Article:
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The Global Education Summit convenes this week in London, gathering in virtual or hybrid form. It offers an extraordinary chance for the world community to focus on the vital role of education in transforming lives.
A central feature of the Global Education Summit is the pledges made by international donors to help the Global Partnership for Education (GPE) reach its target of at least USD 5 billion over five years, along with commitments from GPE partner countries on domestic financing for education.
As a Summit delegate representing BRAC, I am excited to share experiences with leaders of governments and other organisations. Through the Summit, we seek to enhance education for all children, achieve gender equality, and sustain education amid the COVID-19 pandemic.
A new report that deserves great consideration in this context has been published by TheirWorld and the REAL Centre at the University of Cambridge. The report – ‘A better start?’ – provides a progress check on donor funding for pre-primary education and early childhood development.
The first five years of a child’s life are among the most important developmentally. Yet the report points out that, even before the pandemic, 175 million children – just under half of the world’s pre-primary-school-aged children – were missing out on pre-primary education. In low-income countries, as many as eight out of 10 pre-primary-school-aged children were missing out on early years’ education. Children living in the most marginalised conditions are thus being left behind.
The report calls on international donors and governments to invest at least 10% of education spending in the early years. It states: “This target is the absolute minimum world-leaders need to support if we are to have a chance of achieving the United Nations Sustainable Development Goal related to education.”
The report then reveals that only nine nations spend even 1% of total education aid on pre-primary education. New Zealand is the highest at 6.7%, with Spain second highest at 3.6%. “Had donors met the 10% target of pre-primary education spending in 2019,” the report states, “6.4 million more pre-primary-school-aged children in low-income countries could have had access to pre-primary education in that year.”
The extraordinary need highlighted in the report aligns with conditions outlined in a 2020 white paper issued by Save Our Future, a global coalition of which BRAC is a core member. That paper – ‘Averting an Education Catastrophe for the World’s Children’ – states:
“In low-income countries, a staggering 90% of children are in ‘learning poverty’ meaning that they are not even learning to read a basic text by the age of 10. Most of these children are in school but learning very little. Across all low- and middle-income countries, 53% of children are in learning poverty already and this could go up to 62% as a result of the pandemic.”
BRAC’s own experience in early childhood development underscores the importance of pre-primary education in preparing students for later success in school. A multi-year partnership between BRAC, the LEGO Foundation, and Porticus supports an extensive play-based learning initiative in low-resource settings. Through it, BRAC has created 110 low-cost, high-quality, community-based Play Labs in Bangladesh, Uganda, and Tanzania. Another 400 Play Labs have been created in government primary schools in Bangladesh. BRAC has trained 315 adolescent girls and young women to act as facilitators or Play Leaders in the community-based Play Labs.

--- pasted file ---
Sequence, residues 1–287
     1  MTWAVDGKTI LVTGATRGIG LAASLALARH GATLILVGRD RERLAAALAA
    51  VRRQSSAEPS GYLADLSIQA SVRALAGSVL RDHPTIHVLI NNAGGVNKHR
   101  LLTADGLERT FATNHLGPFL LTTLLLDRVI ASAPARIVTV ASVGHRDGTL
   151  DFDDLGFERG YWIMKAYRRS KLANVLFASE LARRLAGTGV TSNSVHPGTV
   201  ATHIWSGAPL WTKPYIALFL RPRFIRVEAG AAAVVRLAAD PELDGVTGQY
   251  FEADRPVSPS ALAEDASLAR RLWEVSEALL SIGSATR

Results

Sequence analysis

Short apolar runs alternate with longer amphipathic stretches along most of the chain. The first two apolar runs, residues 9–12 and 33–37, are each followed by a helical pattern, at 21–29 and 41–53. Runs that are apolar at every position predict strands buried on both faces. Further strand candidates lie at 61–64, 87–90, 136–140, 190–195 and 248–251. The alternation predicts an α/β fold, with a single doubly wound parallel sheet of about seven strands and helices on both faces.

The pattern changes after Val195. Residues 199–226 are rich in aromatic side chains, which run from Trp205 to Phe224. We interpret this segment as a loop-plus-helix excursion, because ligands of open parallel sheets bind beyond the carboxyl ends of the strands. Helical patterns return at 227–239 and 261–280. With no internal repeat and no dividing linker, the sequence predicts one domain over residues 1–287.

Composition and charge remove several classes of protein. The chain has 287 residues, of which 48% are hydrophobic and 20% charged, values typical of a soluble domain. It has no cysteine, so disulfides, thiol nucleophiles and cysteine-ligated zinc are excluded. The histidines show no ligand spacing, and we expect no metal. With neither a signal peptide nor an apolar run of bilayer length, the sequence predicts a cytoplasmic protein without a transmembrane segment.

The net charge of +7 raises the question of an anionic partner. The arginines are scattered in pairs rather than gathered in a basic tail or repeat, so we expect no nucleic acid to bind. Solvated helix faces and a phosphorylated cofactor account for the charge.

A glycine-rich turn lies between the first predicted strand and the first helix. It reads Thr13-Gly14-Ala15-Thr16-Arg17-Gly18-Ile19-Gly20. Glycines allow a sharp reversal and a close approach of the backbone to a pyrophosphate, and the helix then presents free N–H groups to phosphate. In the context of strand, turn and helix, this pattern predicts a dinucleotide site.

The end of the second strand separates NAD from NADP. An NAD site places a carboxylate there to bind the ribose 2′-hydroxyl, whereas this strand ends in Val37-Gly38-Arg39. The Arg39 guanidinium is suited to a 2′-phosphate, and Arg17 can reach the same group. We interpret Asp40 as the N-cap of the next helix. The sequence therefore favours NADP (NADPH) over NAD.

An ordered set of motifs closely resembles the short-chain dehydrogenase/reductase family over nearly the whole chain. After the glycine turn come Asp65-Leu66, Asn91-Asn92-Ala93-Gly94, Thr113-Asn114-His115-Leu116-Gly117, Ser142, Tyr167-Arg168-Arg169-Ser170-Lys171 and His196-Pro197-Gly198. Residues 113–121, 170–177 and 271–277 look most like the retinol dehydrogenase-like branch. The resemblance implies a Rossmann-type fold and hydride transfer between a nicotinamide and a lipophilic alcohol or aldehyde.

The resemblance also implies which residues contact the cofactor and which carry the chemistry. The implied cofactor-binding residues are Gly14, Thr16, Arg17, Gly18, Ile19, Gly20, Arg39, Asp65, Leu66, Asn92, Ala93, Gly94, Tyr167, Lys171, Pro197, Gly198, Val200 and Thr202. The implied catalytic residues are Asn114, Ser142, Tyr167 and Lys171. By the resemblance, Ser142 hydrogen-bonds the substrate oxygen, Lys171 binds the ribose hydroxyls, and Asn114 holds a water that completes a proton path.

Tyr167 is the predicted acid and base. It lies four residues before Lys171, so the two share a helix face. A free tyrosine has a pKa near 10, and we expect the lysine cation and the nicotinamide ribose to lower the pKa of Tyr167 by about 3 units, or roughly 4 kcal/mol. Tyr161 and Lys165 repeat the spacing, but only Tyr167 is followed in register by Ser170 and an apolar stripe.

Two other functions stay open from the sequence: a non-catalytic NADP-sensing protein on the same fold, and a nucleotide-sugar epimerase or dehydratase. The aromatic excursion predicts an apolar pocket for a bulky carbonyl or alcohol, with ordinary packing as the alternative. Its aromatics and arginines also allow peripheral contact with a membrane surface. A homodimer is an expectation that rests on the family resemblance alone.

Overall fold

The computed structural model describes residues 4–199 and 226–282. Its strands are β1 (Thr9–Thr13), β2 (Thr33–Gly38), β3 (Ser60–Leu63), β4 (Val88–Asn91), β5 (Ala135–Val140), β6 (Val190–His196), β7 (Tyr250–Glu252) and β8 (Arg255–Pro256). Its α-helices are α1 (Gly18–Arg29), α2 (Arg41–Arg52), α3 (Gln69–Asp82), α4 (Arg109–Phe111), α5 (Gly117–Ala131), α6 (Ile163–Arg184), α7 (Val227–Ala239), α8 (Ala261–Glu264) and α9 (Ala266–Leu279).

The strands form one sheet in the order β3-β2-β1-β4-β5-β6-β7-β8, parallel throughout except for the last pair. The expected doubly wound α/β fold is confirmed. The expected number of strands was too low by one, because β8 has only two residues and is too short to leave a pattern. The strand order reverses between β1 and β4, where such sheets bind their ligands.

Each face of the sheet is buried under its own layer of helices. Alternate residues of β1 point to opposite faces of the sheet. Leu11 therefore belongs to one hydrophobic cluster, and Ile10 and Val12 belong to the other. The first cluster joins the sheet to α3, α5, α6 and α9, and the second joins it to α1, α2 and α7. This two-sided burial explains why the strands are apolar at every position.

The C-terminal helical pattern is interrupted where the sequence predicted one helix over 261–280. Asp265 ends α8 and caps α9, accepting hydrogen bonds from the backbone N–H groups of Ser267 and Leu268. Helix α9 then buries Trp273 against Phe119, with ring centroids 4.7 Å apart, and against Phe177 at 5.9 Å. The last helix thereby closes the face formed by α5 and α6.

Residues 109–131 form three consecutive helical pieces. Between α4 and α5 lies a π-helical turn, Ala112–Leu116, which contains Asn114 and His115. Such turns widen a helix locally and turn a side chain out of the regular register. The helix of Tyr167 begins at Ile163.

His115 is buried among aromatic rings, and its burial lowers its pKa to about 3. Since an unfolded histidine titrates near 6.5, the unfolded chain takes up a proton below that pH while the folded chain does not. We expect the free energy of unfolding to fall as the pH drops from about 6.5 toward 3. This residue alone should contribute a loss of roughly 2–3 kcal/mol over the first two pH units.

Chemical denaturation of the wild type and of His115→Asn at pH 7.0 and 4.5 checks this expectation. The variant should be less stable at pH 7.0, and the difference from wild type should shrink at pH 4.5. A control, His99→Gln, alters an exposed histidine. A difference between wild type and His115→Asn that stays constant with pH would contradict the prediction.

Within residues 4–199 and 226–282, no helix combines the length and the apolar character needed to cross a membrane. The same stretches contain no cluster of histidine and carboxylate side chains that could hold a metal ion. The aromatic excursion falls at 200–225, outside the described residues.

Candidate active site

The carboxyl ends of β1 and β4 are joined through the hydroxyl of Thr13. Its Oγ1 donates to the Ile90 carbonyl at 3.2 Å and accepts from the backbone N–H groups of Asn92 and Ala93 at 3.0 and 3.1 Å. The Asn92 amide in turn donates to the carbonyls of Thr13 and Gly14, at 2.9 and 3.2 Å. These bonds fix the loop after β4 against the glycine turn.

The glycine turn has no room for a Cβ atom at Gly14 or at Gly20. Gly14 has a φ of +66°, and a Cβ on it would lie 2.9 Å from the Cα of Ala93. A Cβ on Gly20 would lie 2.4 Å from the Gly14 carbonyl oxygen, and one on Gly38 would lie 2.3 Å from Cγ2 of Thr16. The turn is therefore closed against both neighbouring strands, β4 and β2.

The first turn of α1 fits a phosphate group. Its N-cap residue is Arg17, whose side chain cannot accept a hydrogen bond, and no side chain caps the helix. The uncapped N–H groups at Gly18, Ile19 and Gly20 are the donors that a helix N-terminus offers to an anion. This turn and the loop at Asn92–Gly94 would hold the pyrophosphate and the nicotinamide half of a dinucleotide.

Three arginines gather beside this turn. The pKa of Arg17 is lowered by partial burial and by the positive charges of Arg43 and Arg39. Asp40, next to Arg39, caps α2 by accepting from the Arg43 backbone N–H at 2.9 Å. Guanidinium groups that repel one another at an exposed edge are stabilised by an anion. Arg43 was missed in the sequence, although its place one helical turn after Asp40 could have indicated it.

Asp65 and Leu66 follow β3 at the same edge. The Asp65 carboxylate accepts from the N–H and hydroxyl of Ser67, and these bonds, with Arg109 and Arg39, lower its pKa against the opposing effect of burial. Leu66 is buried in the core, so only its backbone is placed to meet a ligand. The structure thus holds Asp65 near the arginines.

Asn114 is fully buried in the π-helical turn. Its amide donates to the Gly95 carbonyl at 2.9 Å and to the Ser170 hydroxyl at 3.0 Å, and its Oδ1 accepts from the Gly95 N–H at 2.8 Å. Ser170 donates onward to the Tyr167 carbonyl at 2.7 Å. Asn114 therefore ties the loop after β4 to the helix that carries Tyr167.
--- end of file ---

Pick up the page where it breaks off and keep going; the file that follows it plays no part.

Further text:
The Play Labs are safe spaces where children can engage in play, supported by a play-based curriculum that is culturally sensitive and designed to suit the local contexts, while also promoting children’s cognitive, language, physical, and social-emotional development. Both the play spaces and curriculum are designed by the BRAC Institute of Educational Development at BRAC University in Bangladesh (BRAC IED).
More than 50,00 children have been reached since 2016 in more than 1,200 Play Labs in the three countries. Research conducted by the University of Cambridge will be released shortly on the impact of the Play Labs. We cannot comment on the findings until the formal release of the research, except to say that the results are exciting.
One of the challenges in pre-primary education is to scale proven solutions. BRAC is in the process of preparing to scale the Play Labs, following release of the upcoming research. In some cases, BRAC will work with governments to scale the model directly. In other cases, BRAC will provide technical assistance in adapting the model and training local entities to implement it.
The Play Labs model has already demonstrated an extraordinary capacity to be adapted to local conditions. It has been adapted, for instance, for humanitarian settings. A blog post – ‘Can play save a displaced generation? – describes how that adaptation serves the Rohingya camps in the Cox’s Bazar region of Bangladesh, the largest refugee settlement in the world.
In a commentary ‘Addressing the Impact of COVID-19 on Infants and Young Children‘ – Erum Mariam, Executive Director of BRAC IED, describes how a remote learning mechanism called Pashe Achhi (English translation: Beside You) evolved from the closing of Play Labs due to the pandemic. The initiative provides weekly one-on-one phone calls by trained specialists to the caregivers of 40,000 infants and children under the age of six. It offers educational and psychosocial support – and a model that can benefit children worldwide.
TheirWorld is right to focus attention on the level of funding for pre-primary education. It is key to ensuring that children in even the most marginalised conditions have the start that they need and deserve.
Cover Photo credit:(c)BRAC
Lewis Temple is Chief Executive Officer of BRAC UK.